Road Through Woods by Betsy James with permission.
When Hally Kass died, his father put a bridge in his hand.
Anyone would have said it was a reed, the jointed kind that Hally, when he was small, had liked to pull apart and put back together. But it was a bridge, and when his father laid it–it was about eight inches long–on his son’s chest and wrapped his cool fingers around it, he told Hally how he was to use it.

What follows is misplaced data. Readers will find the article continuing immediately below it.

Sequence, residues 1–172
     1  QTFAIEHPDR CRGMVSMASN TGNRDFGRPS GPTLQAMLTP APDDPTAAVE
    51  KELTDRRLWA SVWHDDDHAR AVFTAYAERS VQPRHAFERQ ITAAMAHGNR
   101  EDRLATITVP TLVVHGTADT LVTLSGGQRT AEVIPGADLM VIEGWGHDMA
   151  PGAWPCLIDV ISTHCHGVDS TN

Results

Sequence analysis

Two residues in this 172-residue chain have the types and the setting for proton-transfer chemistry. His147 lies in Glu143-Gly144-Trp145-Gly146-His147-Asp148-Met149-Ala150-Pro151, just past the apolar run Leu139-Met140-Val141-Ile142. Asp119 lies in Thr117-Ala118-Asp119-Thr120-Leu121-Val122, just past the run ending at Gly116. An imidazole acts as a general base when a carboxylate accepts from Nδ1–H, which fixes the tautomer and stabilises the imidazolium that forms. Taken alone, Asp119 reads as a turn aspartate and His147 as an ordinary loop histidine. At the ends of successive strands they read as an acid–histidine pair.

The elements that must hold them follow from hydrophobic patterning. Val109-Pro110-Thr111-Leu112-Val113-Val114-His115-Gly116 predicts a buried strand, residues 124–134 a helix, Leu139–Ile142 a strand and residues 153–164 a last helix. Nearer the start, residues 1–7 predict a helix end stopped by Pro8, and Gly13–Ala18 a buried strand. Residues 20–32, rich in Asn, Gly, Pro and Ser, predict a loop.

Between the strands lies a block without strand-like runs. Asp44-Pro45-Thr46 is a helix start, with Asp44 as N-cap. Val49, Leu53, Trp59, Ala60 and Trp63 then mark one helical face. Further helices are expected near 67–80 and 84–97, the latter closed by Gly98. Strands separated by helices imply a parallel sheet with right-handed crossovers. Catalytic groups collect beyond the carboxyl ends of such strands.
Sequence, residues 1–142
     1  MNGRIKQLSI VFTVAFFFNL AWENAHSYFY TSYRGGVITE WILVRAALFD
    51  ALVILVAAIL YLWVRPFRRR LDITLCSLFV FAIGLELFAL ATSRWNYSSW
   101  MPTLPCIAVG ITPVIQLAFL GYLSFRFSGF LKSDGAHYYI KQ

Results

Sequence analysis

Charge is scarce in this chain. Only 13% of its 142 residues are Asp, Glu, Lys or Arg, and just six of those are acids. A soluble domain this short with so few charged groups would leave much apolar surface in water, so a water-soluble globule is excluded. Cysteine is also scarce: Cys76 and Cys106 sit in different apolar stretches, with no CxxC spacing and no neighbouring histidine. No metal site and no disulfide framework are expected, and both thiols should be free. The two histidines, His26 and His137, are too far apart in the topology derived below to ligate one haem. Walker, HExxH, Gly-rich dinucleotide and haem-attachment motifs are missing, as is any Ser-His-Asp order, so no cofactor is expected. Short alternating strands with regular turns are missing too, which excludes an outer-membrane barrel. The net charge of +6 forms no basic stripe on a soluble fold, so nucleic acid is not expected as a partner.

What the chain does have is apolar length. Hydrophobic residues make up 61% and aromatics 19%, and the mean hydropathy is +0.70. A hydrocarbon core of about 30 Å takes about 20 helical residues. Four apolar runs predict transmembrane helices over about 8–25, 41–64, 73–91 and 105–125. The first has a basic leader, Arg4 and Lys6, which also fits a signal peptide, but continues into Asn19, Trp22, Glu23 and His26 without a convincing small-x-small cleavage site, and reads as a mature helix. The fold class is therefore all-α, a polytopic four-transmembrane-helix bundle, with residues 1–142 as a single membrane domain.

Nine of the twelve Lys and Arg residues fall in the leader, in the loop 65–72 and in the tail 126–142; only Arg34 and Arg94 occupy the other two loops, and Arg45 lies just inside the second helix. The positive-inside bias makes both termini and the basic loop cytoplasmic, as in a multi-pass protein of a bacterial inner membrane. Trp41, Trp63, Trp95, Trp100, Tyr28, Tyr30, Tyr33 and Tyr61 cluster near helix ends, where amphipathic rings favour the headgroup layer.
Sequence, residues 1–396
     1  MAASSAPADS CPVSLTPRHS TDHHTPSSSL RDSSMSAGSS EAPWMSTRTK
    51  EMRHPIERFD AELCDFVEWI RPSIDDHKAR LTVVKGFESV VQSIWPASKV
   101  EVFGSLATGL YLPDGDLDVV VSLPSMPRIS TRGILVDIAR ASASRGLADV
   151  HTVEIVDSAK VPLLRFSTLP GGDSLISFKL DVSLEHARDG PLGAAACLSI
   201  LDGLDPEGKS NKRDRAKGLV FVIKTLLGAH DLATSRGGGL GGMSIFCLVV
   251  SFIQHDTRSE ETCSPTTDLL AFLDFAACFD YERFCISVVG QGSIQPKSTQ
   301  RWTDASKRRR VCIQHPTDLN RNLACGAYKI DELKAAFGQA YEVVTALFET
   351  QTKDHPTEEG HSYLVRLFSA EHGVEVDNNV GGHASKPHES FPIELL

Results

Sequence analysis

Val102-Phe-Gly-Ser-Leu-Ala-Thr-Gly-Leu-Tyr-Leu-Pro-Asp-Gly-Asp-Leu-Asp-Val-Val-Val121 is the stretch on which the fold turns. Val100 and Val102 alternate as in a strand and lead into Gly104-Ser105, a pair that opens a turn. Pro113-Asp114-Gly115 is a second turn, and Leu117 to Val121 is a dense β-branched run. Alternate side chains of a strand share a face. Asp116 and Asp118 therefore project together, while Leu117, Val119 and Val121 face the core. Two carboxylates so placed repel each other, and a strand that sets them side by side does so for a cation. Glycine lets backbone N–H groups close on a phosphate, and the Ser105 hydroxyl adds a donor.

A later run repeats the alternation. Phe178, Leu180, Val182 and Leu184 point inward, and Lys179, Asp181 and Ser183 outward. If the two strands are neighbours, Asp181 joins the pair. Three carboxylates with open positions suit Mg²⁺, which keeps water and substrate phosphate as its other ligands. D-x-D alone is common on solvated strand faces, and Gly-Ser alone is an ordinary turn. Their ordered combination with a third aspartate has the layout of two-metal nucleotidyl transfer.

“Go out the door,” he said. “Turn east and follow the road to the mountain. Any being you meet is a demon. Don’t speak.” A willow twig, burned to charcoal, had been laid between the boy’s lips to remind him of what, now, he was.